But Australian voters ignored the various entreaties. Where they could stomach it they voted Labor. Where they couldn’t stomach it they voted in droves for ‘others’, most particularly Xenophon and Hanson. Both held out the promise of disruption to politics as usual, which is a notion perhaps as compelling as any of the individual components of their respective manifestos. You can feel the emphatic gesture from the voter: how’s this for a tactical vote? How about we vote against the diminished, entitled, smug, self-congratulatory torpor that is major-party politics as usual? How about we shake things up a little?
So Pauline is back. Australian voters have spoken in our most authentic and enduring collective voice: with a guttural get stuffed to the major parties. The question is, what do we all do now?
At her first press conference in the week following that July Saturday night where Malcolm Turnbull stood before the voters ashen faced at the Sofitel, briefly contemplating his own political mortality, enraged at the very prospect of something so divergent from the life plan, Hanson was, reassuringly, the Hanson of old.
It was like we’d all peeled back the lid of the tin at the back of the cupboard marked 1998 and there she was, perfectly preserved in aspic. Those piercing eyes, cornflower blue. The flaming hair. The quaver in the voice. The righteous jut of the jaw. The stupendous scale of the feelings. The manifest disdain for facts and evidence.
Hanson strode across the grass in Brisbane, spotlight trained on her, rugged up in a brightly coloured winter coat against a Queensland winter little more vengeful than a gentle breeze, ready to be disdained by the working press, a familiar ritual that only endears the One Nation leader to her rusted-on supporters: plucky Pauline, giving those pricks of journos a good kicking. Go Pauline. You show ’em, love. The Kimbos and the Himbos deserve everything they get.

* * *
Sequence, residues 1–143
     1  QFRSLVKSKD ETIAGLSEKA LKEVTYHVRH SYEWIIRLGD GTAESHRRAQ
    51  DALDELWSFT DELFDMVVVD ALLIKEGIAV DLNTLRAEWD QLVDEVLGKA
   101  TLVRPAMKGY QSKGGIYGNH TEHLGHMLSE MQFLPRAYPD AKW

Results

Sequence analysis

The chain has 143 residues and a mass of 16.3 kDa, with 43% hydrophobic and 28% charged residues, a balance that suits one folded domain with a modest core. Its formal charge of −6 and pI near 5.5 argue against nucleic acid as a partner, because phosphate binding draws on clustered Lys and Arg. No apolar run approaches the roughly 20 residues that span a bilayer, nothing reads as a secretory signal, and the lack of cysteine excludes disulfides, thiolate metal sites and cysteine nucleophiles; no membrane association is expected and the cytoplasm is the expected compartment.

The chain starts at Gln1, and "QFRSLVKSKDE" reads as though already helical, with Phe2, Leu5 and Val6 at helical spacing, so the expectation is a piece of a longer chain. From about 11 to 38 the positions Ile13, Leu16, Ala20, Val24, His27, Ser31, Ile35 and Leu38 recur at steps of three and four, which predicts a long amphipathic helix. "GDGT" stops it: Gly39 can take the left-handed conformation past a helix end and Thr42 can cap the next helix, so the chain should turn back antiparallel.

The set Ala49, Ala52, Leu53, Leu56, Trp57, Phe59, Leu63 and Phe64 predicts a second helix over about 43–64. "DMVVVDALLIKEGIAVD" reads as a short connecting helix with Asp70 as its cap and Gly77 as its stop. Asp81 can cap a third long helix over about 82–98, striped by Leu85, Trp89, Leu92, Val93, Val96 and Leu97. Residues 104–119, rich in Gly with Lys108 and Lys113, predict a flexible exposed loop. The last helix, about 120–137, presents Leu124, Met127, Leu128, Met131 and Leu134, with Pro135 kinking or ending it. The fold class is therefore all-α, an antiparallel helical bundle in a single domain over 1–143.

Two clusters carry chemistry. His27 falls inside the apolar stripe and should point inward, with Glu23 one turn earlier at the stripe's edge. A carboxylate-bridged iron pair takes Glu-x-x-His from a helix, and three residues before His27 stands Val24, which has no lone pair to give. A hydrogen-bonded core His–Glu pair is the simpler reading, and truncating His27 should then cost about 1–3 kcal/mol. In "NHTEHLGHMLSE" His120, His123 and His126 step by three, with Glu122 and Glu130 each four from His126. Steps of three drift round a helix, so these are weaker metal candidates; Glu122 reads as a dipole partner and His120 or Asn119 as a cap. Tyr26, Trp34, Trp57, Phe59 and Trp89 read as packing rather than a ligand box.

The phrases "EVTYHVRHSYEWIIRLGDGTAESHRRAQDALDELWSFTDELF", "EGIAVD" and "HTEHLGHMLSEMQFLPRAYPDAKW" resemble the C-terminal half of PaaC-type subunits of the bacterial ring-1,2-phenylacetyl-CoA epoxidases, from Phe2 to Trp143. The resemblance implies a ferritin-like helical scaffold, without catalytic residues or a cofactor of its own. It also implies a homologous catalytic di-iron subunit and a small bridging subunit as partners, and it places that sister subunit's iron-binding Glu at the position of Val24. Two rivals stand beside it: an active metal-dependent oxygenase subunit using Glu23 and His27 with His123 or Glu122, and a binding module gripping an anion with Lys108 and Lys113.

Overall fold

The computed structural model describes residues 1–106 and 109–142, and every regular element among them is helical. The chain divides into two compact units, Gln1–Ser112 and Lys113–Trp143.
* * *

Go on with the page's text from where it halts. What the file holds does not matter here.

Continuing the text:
The Brisbane journalists didn’t hesitate before getting stuck in, ripping her xenophobic, incoherent, noxious manifesto apart, question after question. Hanson just raised her jaw an inch or two higher and sailed on, a battleship of righteousness, with the flotsam holding on gamely, flapping against the hull. Watching the show back at my desk in Canberra, I had the clear view of the disconnected spectator. Here was Pauline being pecked relentlessly by a mob of magpies. Like Donald Trump in America, attacks—and that’s what that press conference would look like to a person only glancing up periodically to peruse the show—are likely to make her stronger.
Why is this? Understanding that requires referencing the various reasons why she’s back. Hanson’s and One Nation’s success in 2016 are in part about a double dissolution election (although Hanson’s personal support eclipses that), in part because the popular media has done a superb job of keeping Hanson in the spotlight as a quasi-political celebrity, partly because she appealed to voters Malcolm Turnbull spent zero time in the campaign talking to—the people stuck in the old economy with zero prospects of finding themselves recruited by Microsoft.
I also think the strength of her showing is also about registering a gesture. She is a totem of the disdain many voters feel for politics as usual. Pauline Hanson is a raised middle digit on the floor of the Australian Senate. If the political class in Canberra rounds collectively on the stranger in its midst, deploys the blunt instruments of gotcha and when did you stop beating your wife, this will only confirm the worst fears of some deeply alienated voters that the system is rigged permanently against the interests of the people, that politics is about elites protecting their own patches. As John Howard noted in early July, treating Hanson as a ‘scorned species’ is a monumental mistake. It expresses disdain for her supporters, who have as much right as anyone else to have their interests represented in parliament, and it ultimately plays into her studied depiction of herself as put-upon outsider, which is the dynamic on which she trades.